“Their chance comes in November. But even if they don’t, some of these guys that don’t make the team out of camp, their job is to be defined when they leave. So we can say, ‘I know what that guy does, I know what he looks like,’ not ‘I’m not sure what he’s trying to bring to the table.’

“That’s the training camp job, even if you don’t get a job out of camp, make sure that the coaching staff and management know what you’re selling so if we bring you up we know what we’re getting.”

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Prior to Wednesday’s game, Maurice was asked if anything has stood out to him in the competition among the forwards.

“We haven’t been overly surprised, necessarily. The players that have come in have been (performing relative) to what we thought they would be,” said Maurice.

“The question is going to be, how do the pieces fit? Not necessarily an assessment of the individual pieces. Any of them probably could make the team, but how they function together is going to be the key. It may take us a little while until we find it.”

With that in mind, here’s a breakdown of the field of forwards on the bubble going into this weekend’s road games against the Oilers and Vancouver Canucks.

The lock

Columbus Blue Jackets centre Riley Nash, right, celebrates with Brandon Dubinsky, left, after his goal off Boston Bruins goaltender Tuukka Rask during the third period of Game 1 of an NHL hockey second-round playoff series, Thursday, April 25, 2019, in Boston. Behind Nash is Boston Bruins centre Charlie Coyle (13). (AP Photo/Charles Krupa).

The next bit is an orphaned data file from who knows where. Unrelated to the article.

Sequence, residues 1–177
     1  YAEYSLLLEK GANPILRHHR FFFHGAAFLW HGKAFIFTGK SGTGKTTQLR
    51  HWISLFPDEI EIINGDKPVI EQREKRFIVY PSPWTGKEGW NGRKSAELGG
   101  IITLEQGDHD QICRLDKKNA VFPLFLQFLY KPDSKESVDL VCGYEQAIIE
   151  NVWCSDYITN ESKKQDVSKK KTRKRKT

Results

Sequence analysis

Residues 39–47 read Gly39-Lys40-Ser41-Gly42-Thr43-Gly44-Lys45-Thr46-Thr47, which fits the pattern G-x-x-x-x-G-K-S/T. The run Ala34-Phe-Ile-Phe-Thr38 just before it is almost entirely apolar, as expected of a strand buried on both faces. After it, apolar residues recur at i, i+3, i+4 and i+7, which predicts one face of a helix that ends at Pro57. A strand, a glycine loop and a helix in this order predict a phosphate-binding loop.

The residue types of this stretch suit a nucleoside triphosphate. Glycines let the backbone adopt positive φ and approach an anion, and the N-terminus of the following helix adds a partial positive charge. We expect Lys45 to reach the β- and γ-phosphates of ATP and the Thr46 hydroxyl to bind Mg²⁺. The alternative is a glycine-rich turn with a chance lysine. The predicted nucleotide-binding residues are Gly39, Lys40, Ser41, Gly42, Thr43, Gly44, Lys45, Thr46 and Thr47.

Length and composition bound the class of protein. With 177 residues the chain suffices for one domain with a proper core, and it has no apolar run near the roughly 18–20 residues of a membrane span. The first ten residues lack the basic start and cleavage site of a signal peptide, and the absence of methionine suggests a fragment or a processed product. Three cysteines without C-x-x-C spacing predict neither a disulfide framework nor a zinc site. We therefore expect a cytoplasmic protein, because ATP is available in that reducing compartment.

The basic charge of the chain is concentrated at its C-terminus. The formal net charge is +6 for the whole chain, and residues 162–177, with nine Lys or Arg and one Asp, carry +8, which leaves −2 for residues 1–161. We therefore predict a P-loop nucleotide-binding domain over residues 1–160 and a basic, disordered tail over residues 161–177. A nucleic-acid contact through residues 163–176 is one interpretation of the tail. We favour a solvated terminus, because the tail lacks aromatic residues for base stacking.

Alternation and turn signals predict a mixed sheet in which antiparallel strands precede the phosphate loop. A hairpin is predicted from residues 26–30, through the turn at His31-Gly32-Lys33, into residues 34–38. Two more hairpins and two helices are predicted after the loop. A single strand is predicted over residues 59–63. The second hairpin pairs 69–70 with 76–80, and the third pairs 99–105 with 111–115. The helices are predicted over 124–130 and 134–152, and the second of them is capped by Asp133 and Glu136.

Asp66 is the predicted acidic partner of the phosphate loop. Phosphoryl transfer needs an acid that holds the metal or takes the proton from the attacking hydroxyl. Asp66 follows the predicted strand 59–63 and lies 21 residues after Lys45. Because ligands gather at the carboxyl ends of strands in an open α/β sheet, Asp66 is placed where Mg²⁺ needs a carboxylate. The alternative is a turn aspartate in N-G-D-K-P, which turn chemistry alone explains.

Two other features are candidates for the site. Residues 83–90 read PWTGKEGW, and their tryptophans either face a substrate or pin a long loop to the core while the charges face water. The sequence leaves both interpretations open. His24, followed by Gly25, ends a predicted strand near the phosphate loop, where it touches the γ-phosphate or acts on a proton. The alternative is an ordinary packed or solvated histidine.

C/RW Riley Nash: Barring an unexpected change, Maurice has hinted he’s building the fourth line around the 32-year-old with 578 games of NHL experience. Although he’s also comfortable on the wing, Nash is a natural centre and is going to be leaned on for his ability to defend and he’ll also be a staple on the penalty kill.

The front-runners

The Winnipeg Jets’ Jansen Harkins (12) checks the Montreal Canadiens’ Phillip Danault (24) during third-period NHL hockey action Thursday, April 8, 2021 in Montreal. THE CANADIAN PRESS/Ryan Remiorz

C/LW Jansen Harkins: He’s off to a fantastic start, chipping in two goals and four points through two exhibition games. He’s exuding confidence with and without the puck and making smart reads at both ends of the ice as he looks to bounce back from a frustrating 2020-21 season.

ANALYSIS: Breaking down the competition for the final 4 forward spots on the Jets roster - image

RW Evgeny Svechnikov: Although he remains on an AHL deal for the time being, there have been ample signs that the 19th-overall pick in the 2015 NHL draft by the Detroit Red Wings has been adjusting nicely to his new surroundings. He’s been able to use his size and offensive abilities so far. Although it’s his shot that has stood out, he delivered a deft redirection on Wednesday as part of a three-point game. He’s comfortable playing on his off side and it’s clear he’s a player with something to prove.

Winnipeg Jets forward Dominic Toninato speaks to media via post-game Zoom call May 11, 2021. Global News.

C/LW Dominic Toninato: Limited to only eight total games last season after dealing with a bout of COVID-19, the 27-year-old from Duluth, Minn., is working to secure regular work on the fourth line. He was the Game 1 hero in the opening round against the Edmonton Oilers, producing the game-winning goal on a nifty redirection. He’s got 87 NHL games on his resume and is looking to establish himself in a checking role and is a candidate to fill a role on the penalty kill as well.

Swedish forward David Gustafsson
Swedish forward David Gustafsson. Winnipeg Jets / Twitter